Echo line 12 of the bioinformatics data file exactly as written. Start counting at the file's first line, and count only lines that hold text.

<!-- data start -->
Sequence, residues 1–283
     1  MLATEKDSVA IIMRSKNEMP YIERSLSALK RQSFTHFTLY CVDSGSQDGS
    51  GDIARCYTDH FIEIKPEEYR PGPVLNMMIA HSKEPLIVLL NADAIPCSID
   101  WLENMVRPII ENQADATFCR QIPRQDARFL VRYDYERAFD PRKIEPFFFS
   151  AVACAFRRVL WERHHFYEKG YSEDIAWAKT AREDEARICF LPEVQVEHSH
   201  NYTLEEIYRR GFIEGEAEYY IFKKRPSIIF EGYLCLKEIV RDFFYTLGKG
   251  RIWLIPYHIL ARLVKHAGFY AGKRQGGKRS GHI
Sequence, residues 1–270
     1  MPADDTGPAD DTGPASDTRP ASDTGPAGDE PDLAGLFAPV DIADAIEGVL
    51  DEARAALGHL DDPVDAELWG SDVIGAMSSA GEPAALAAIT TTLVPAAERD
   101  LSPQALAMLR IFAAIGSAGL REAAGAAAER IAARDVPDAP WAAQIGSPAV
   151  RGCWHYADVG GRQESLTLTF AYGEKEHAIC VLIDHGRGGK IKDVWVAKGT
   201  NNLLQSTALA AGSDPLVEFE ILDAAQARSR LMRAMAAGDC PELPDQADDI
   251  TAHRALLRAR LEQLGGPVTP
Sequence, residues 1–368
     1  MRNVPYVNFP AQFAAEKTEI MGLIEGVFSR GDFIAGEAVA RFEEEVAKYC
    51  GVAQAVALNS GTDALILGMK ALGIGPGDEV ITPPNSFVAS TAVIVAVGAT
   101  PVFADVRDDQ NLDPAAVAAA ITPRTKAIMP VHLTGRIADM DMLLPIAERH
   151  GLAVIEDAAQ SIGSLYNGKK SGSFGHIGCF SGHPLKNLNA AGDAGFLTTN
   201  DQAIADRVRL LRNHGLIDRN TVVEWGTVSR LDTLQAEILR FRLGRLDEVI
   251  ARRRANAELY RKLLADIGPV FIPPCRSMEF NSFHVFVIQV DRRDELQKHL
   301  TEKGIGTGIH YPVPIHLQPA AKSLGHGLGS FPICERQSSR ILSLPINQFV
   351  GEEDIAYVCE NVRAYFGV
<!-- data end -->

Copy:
   151  RGCWHYADVG GRQESLTLTF AYGEKEHAIC VLIDHGRGGK IKDVWVAKGT